Photo 5. The ladybird beetle, Rodolia cardinalis, feeding on a colony of the citrus (cottony) cushion scale, Icerya purchasi.
Citrus fluted scale, cottony cushion scale,
Worldwide. Throughout the tropics and sub-tropics. Asia, Africa, North, South and Central America, the Caribbean, Europe, Oceania. It is recorded from Australia, Fiji1, French Polynesia, Guam, Kiribati, Marshall Islands, Federated States of Micronesia, New Caledonia. New Zealand, Northern Mariana Islands, Palau, Papua New Guinea, Solomon Islands, and Tonga.
Wide host range of, mostly, woody plants. It is common in plants in the following families: casuarina, citrus, guava, legumes (pigeon pea, lucerne, wattles, winged bean), mango, mimosa, rose, and many more. Many ornamentals (begonia, camillia, fuschia, hydrangea), and weeds are also hosts.
The scale, adults and nymphs, sucks sap and weaken plants. Stems dry up, leaves wilt, fall, and branches dieback. Honeydew is produced and this falls onto foliage and flowers and, in turn, becomes colonised by sooty mould fungi, turns black, and blocks sunlight. Excessive amounts of blackened leaves reduce the growth of plants.
The adults are yellowish or white, covered with wax, up to 10-15 mm long (Photo 1). Beneath, their bodies are bright orange-red, yellow or brown. Often, they occur in large groups (Photo 2). The fluted part is the eggsac, which is more than twice the length of the body.
The females are hermaphrodites, that is, they produce both eggs and sperm. Interestingly, they can fertilise themselves. The fertilised eggs are kept in the eggsac and when they hatch 'crawlers' emerge; these are bright-red, and mobile as the name suggests (Photo 3). After a short while, the crawlers settle to feed and moult (Photos 4&5). Occasionally, winged males are produced from unfertilised eggs, and they mate with the hermaphrodite 'females'.
Spread occurs when crawlers disperse over short distances, or longer when carried by wind currents, vehicles, animals, birds, or on clothing. All stages are spread in the horticultural trade of plants or plant parts. Older nymph stages also move a little after they moult as, unlike most scales, they have legs. They move from shoots to twigs, to branches and trunks.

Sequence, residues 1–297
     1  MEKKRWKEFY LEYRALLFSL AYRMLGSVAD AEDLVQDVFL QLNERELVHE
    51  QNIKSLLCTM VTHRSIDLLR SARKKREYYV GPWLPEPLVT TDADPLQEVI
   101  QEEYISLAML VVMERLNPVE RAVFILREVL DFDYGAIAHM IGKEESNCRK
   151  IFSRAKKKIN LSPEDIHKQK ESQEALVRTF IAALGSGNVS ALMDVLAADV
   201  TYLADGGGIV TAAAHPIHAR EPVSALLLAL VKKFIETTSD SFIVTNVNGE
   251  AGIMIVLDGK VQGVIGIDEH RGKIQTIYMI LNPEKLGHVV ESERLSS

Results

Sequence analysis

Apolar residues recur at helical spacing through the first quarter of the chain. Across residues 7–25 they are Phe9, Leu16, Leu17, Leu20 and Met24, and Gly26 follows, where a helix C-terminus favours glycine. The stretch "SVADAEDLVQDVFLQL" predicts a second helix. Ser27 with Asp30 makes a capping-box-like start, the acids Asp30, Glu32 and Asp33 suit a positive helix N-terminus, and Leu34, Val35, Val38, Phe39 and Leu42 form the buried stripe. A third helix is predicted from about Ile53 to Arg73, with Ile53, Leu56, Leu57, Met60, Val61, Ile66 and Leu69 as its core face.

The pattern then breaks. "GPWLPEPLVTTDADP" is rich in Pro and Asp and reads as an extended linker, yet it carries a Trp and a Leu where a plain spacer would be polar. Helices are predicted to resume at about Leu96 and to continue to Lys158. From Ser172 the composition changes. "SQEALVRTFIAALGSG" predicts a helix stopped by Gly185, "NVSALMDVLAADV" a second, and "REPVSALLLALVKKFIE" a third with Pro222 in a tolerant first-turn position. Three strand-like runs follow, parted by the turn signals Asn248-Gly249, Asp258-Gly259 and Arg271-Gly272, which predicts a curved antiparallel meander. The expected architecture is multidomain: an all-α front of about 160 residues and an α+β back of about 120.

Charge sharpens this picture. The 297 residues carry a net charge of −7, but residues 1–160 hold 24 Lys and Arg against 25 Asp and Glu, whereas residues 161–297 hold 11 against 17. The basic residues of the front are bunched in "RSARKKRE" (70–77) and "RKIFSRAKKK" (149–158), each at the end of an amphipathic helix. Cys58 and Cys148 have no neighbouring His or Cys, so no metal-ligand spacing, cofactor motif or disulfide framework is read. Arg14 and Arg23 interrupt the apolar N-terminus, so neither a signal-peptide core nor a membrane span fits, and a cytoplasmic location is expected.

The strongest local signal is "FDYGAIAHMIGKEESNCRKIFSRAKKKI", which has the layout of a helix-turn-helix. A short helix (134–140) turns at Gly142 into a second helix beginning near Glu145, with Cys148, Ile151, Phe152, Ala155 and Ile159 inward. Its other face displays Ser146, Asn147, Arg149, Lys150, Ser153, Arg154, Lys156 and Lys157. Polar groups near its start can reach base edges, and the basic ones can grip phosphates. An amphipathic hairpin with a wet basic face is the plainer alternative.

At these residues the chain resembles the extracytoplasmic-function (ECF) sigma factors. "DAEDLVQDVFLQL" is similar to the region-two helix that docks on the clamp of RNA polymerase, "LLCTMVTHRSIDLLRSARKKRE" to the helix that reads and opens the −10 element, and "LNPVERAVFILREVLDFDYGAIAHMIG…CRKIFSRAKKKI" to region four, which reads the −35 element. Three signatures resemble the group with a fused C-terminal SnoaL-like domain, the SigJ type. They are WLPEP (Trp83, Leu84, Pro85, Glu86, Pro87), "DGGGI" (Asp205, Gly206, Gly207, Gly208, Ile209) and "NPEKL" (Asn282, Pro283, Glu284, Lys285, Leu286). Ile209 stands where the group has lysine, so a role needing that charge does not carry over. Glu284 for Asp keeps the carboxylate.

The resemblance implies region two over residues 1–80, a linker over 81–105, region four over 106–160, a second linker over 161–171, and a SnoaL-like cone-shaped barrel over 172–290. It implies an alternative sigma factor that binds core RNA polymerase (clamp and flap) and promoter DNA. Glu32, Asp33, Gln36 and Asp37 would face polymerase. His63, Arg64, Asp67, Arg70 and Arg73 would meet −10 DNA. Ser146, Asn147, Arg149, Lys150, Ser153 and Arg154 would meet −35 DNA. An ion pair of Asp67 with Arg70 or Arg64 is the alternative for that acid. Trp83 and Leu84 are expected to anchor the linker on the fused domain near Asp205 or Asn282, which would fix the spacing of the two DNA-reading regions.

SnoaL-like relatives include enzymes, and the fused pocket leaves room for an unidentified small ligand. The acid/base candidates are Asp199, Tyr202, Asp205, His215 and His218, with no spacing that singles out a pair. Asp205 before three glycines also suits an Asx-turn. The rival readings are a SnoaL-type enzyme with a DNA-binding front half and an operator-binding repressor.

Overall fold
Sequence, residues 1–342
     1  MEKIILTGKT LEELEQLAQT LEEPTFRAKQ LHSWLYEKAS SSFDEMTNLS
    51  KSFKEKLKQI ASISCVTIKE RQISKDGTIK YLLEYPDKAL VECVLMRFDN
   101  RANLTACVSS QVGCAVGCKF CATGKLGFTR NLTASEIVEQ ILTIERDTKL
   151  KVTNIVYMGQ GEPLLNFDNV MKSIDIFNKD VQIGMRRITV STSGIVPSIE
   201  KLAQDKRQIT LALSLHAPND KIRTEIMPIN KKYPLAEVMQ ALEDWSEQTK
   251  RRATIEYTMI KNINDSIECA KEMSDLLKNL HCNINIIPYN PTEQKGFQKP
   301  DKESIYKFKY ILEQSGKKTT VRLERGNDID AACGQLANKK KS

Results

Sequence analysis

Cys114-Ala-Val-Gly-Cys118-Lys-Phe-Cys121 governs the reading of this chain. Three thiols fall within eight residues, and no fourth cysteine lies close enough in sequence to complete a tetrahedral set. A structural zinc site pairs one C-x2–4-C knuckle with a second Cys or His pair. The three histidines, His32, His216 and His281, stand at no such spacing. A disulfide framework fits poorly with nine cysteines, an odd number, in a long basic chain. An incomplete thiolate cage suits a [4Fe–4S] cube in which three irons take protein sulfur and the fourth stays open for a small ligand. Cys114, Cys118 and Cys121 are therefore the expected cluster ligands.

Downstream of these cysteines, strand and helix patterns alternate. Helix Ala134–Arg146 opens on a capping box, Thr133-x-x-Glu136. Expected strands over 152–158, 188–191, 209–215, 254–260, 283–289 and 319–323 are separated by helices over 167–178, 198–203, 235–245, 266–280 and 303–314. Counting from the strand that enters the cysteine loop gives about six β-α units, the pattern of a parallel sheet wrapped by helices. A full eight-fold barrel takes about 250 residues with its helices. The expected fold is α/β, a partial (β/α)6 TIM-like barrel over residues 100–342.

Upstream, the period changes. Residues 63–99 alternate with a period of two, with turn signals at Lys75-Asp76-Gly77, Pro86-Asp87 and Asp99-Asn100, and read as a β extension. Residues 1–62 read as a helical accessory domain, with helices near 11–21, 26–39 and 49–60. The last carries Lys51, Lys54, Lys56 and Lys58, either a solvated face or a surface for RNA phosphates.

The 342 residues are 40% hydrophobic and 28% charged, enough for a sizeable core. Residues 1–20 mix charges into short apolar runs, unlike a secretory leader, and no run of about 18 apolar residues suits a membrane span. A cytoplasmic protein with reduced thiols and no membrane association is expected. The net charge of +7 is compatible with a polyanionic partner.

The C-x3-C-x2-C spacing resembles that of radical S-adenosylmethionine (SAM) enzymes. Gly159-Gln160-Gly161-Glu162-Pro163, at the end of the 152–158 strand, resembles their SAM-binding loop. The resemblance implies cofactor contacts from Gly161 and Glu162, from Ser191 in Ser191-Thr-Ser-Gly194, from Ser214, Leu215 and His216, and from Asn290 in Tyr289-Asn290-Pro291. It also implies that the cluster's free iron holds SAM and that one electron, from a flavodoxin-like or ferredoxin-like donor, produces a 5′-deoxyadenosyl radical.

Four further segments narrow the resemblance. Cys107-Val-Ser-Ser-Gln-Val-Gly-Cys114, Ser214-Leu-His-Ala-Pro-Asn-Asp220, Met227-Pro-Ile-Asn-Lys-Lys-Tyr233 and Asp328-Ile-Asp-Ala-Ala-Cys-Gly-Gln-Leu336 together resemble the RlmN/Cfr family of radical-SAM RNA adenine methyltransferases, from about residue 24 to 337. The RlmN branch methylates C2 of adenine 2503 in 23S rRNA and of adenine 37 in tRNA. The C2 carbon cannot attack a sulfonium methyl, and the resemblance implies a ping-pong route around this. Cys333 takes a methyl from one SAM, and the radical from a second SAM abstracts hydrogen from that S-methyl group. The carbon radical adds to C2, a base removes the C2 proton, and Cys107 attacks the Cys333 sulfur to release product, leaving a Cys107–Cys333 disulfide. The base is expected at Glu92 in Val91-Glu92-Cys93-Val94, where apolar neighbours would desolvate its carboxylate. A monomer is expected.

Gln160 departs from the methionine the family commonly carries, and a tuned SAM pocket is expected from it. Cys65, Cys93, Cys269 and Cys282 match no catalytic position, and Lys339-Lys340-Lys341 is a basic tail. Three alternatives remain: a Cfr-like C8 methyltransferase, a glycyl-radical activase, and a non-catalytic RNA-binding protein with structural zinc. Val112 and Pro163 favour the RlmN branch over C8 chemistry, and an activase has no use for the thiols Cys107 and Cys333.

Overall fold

Although Icerya purchasi feeds on a large number of shrubs and trees, it is especially common on citrus, Acacia (wattles), Casuarina (she oak) and Pittosporium (cheesewoods). The devastation on citrus in California (see under Natural Enemies) and, later, in other countries when the scale was accidently introduced, shows how important this scale can be when not under biological control.
Look for the adults and late stage nymph in groups, along the veins of leaves, especially on the undersides. Look for ants and sooty moulds on the leaves as they are often very noticeable, and indicate that scale insects are present.
The control of Icerya purchasi on citrus in California at the end of the 19th century by the ladybird beetle, Rodolia cardinalis, was one of the first successes of biological control (Photo 6). Another natural control, the fly, Cryptochaetum iceryae, has also been used.
The mangement of Icerya purchasi is based on biological control, and rarely on the use of insecticides. The exception being the use of insecticides against ants (see under Chemical Control). Ants often visit colonies of the scale for their honeydew. In the process, they defend the scale from predators.
Crawlers are more susceptible to insecticides than other stages, but they very small and difficult to see. There are also overlapping generations, so adults are always present, and this means that several applications of chemicals are necessary to obtain control. And adults are difficult to kill because of their protective scales. (Note dimethoate, once recommended in Pacific island countries, is under suspension in Australia for use on many crops.)
AUTHOR Grahame Jackson
1Information from Swaine G (1971) Agricultural Zoology in Fiji. Her Majesty's Stationery Office. London; and CABI (2016) Icerya purchasi (cottony cushion scale) Crop Protection Compendium. (www.cabi.org/cpc); and Icerya purchasi Wikipedia. (https://en.wikipedia.org/wiki/Icerya_purchasi); and from Icerya purchasi Maskell Entomology & Nematology. UF/IFAS, University of Florida. (http://entnemdept.ufl.edu/creatures/fruit/cottony_cushion_scale.htm). Photo 1&5 Jeffrey W. Lotz, Florida Department of Agriculture and Consumer Services, Bugwood.org. Photo 2 Lesley Ingram, Bugwood.org. Photo 3 Lorraine Graney, Bartlett Tree Experts, Bugwood.org. Photo 4 Sonya Broughton, Department of Agriculture & Food Western Australia, Bugwood.org.
Produced with support from the Australian Centre for International Agricultural Research under project PC/2010/090: Strengthening integrated crop management research in the Pacific Islands in support of sustainable intensification of high-value crop production, implemented by the University of Queensland and the Secretariat of the Pacific Community.
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